Decision making in the field of limiting anthropogenic impacts on the climate system, including climate itself, requires the estimates of consequences. The assessment of the confidence of estimates is important for the reliable justification of the decisions, in particular for the risk analysis. Such an approach was developed in scientific reports of the Intergovernmental Panel on Climate Change (IPCC), in сontributions of its Working Group II’ Impacts, adaptation and vulnerability’. The paper presents the evolution of the ‘risk’ concept in the IPCC scientific reports and current understanding of risk in the latest special reports of 2018-2019. This understanding is based on the fact that the risk arises from the interaction of three circumstances: the presence of climate-related hazard, exposure of the affected object to the hazard and vulnerability of the object. The main approach used in the IPCC reports for the aggregation and visualization of information on climate related changes in risk levels for natural and socioeconomic systems, as well as for human health, is the construction of ‘burning ember diagrams’, BE-diagrams. Some imperfections of BE-diagrams presented in publications, and insufficient degree of formalization of the procedure for constructing BE-diagrams in the IPCC reports are indicated. BE-diagrams are based on analyzing and summarizing data and information of two kinds: (1) the field observations’ results, experimental and modelling data available from scientific literature; (2) IPCC expert judgements. However, there is no IPCC published clear procedure describing the sequence of steps, staring from (1) and (2), required to assess risks and to build corresponding BE-diagrams. The paper provides an example of such a procedure, i.e. an algorithm for the construction of a visual image summarizing the assessment of adverse effects of climate warming on an agricultural crop, specifically, spring wheat. The approach to construction of BE-diagrams demonstrated with this example can be generalized and used in thedevelopment of BE-diagrams for other elements of natural or socio-economic systems affected by climate change. To ensure transparency of assessments of climate change impacts using BE-diagrams and possibility to repeat the assessments by different groups of users, a special IPCC Guidance note on this issue is needed
The article describes the results of the study of subjective well-being dynamics among primary school students. We consider well-being as a complex construct, which includes satisfaction with school, affect towards school, hostility, and collaboration with peers, and subjective physical well-being. We use the data of the two measures from the same students of 3rd and 4th grade from one of the Russian cities. We show that the level of subjective well-being decreases from the age of 9 to the age of 10 on all subscales, except the relationship with peers subscale and the subjective physical well-being subscale. We also found the gender differences: the boys are less satisfied with school, face the hostility more often and experience more negative emotions than girls. The results are consistent with the previous studies and give more specific information on what is happening with subjective well-being at an early age because most of the previous studies of the well-being in the school context use adolescents as a sample.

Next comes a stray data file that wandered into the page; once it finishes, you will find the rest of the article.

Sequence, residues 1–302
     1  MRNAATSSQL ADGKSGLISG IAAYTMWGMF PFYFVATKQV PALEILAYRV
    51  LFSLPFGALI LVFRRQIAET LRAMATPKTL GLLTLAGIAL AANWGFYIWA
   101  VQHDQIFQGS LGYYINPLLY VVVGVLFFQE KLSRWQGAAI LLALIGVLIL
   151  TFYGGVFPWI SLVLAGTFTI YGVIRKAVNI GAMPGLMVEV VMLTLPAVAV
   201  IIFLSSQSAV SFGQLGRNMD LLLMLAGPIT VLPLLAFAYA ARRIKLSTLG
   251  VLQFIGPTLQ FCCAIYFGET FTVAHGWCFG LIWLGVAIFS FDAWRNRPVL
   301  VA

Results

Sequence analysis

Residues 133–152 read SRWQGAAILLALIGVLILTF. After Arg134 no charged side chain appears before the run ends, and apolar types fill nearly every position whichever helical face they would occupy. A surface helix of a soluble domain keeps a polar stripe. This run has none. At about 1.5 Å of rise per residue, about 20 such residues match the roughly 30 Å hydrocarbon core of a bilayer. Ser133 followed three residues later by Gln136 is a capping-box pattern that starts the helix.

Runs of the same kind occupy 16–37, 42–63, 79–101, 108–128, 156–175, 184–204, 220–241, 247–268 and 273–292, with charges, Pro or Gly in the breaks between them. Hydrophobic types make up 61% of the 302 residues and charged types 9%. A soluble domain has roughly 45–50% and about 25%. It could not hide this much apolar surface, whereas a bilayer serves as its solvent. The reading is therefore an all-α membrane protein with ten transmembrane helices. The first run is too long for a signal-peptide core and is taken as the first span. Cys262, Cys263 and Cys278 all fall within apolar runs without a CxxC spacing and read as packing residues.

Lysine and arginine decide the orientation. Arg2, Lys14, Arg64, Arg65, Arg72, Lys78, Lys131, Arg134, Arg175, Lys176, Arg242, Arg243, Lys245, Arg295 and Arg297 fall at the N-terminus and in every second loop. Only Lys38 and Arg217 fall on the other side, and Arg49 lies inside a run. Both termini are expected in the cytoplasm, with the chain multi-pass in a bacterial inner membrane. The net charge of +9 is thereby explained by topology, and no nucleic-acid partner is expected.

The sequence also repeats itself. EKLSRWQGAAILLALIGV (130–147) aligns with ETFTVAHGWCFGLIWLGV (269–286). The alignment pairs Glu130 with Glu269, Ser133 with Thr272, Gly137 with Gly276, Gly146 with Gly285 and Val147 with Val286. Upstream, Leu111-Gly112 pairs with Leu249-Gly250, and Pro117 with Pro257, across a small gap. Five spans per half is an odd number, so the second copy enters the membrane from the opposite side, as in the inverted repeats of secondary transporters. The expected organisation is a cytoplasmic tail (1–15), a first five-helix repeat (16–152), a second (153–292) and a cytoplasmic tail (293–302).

This article discusses the features of reading literacy of Russian primary school students identified in the analysis of the results of the international comparative study PIRLS. Comparing the results of 2006 and 2011 has identified changes that have occurred in reading literacy within 5 years. Using multiple methods of data analysis contributed to the reliability of the findings. Identify strengths and weaknesses in the reading literacy of primary school students can reasonably make changes to the methodology of work on the conscious reading in primary school.
Institutions affect investment decisions, including investments in human capital. Hence institutions are relevant for the allocation of talent. Good market-supporting institutions attract talent to productive value-creating activities, whereas poor ones raise the appeal of rent-seeking. We propose a theoretical model that predicts that more talented individuals are particularly sensitive in their career choices to the quality of institutions, and test these predictions on a sample of around 95 countries of the world. We find a strong positive association between the quality of institutions and graduation of college and university students in science, and an even stronger negative correlation with graduation in law. Our findings are robust to various specifications of empirical models, including smaller samples of former colonies and transition countries. The quality of human capital makes the distinction between educational choices under strong and weak institutions particularly sharp. We show that the allocation of talent is an important link between institutions and growth.